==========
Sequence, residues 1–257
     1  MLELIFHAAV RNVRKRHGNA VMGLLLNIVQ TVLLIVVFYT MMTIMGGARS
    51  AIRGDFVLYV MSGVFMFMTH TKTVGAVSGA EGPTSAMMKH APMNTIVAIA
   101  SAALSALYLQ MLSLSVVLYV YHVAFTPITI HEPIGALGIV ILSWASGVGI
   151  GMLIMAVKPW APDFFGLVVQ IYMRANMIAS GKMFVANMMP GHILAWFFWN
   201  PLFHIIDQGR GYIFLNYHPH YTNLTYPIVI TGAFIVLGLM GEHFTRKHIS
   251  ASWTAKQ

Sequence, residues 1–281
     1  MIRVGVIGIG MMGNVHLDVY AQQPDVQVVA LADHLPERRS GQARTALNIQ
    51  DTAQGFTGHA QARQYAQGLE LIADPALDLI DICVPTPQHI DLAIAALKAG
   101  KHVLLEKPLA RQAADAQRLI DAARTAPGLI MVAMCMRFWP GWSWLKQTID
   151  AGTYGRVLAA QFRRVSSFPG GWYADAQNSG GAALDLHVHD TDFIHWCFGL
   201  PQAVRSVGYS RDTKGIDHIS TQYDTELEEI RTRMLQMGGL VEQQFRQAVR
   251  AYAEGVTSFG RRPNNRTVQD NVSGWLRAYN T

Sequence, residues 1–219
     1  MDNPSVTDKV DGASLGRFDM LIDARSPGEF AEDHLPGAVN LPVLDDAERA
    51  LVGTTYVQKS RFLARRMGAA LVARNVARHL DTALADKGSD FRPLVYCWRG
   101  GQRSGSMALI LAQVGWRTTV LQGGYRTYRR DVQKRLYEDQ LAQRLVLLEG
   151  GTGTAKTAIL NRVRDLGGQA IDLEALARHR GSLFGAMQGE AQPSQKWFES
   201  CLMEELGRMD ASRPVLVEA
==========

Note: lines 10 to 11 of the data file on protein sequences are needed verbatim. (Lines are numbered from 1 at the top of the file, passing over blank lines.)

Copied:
    51  DTAQGFTGHA QARQYAQGLE LIADPALDLI DICVPTPQHI DLAIAALKAG
   101  KHVLLEKPLA RQAADAQRLI DAARTAPGLI MVAMCMRFWP GWSWLKQTID